Norwich stargazers delighted at street lights plan
Sarah HallA controversial decision which will see thousands of street lights switched off in Norwich has won support from stargazers - who hope darker skies will encourage more youngsters to get into astronomy.Sarah Hall
A controversial decision which will see thousands of street lights switched off in Norwich has won support from stargazers - who hope darker skies will encourage more youngsters to get into astronomy.
An unintended consequence of Norfolk County Council's midnight switch-off of lights is that the long-running complaint from astronomers about light pollution in cities will be tackled.
The county council agreed last month to press ahead with a plan to replace 27,000 streetlights in Norfolk, including 7,800 in Norwich, over the next three years, fitting cells which will switch them off between midnight and 5am.
The council says that will save �167,000 a year and cut the council's carbon footprint, but concerns have been raised that crime, or at least the fear of it, will increase, especially in Norwich.
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However, Mark Thompson, chairman of Norwich Astronomical Society, said it could pave the way for more people to get hooked on the heavens.
Mr Thompson, who regularly presents a stargazing slot in front of millions of television viewers on the BBC's One Show, said: 'For years astronomers have been asking for more to be done to allow us to see the night sky and this would help us.
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'A concern we have had is that England has had a wonderful history for leading the way in recording the night sky, but the problem has been that we haven't been able to see it.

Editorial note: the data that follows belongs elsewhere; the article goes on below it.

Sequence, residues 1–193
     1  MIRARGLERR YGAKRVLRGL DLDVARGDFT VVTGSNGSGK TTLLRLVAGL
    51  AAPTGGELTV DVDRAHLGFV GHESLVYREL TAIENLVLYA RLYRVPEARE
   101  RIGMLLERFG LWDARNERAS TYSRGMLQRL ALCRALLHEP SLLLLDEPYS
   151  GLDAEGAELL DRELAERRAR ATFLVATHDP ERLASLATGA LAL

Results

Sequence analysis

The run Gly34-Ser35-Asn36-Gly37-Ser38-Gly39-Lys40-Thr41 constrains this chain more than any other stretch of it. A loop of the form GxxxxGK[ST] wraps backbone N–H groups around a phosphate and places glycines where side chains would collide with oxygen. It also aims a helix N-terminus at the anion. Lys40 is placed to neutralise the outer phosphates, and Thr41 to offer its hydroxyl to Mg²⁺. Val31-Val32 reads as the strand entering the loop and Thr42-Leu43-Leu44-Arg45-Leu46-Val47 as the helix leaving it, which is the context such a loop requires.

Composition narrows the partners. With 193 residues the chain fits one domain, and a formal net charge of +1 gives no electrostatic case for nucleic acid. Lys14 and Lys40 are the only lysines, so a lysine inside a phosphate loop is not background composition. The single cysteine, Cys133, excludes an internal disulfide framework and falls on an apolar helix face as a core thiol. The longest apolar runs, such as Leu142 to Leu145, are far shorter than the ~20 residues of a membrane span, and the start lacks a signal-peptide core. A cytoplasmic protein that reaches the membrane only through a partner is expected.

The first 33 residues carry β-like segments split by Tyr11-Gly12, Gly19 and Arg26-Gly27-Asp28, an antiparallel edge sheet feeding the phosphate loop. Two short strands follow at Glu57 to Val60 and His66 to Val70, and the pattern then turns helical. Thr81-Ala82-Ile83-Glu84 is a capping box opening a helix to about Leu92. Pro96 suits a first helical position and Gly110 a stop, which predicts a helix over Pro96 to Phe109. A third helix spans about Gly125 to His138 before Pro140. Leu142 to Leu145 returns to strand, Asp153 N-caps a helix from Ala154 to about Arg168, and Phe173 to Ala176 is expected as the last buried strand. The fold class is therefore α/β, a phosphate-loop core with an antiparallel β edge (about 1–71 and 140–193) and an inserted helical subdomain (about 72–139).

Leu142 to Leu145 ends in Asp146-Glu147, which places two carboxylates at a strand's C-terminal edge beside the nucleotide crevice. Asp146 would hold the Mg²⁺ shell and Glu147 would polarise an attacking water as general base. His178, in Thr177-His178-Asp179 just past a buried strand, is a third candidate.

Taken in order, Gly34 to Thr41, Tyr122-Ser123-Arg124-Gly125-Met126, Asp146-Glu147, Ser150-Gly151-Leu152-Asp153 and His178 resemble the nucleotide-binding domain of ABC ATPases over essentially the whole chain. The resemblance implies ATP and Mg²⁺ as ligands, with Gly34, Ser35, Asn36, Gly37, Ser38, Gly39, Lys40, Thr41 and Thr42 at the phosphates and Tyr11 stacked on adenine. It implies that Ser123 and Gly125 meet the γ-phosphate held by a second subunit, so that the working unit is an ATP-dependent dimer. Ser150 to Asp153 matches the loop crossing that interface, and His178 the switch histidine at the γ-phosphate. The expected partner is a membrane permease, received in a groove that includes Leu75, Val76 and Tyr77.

'Hopefully if more people are able to see the stars, more kids will discover astronomy. I think the interest is there and these youngsters want to be inspired, but they haven't had a good view.'
Last summer researchers revealed one fifth of the world's population is unable to see The Milky Way - a luminous band of stars - in the night sky.
Mr Thompson said the switch-off might not be enough to make that clearly visible from Norwich, but said it would make it easier to view the stars from Seething Observatory, because the glow of light pollution from the city would have less effect.
County Hall says lights will be kept on in main roads, in the city centre and in high-crime areas, while exemptions will be applied to keep lights on in areas with CCTV and where police say turning them off would increase crime.
Those exemptions will be decided by Mike Jackson, the county council's director of planning and transportation, with assistance from Adrian Gunson, cabinet member for planning and transportation.
But opposition councillors have raised concerns about that process and have 'called in' the decision for a closer look at tomorrow's cabinet scrutiny committee meeting.
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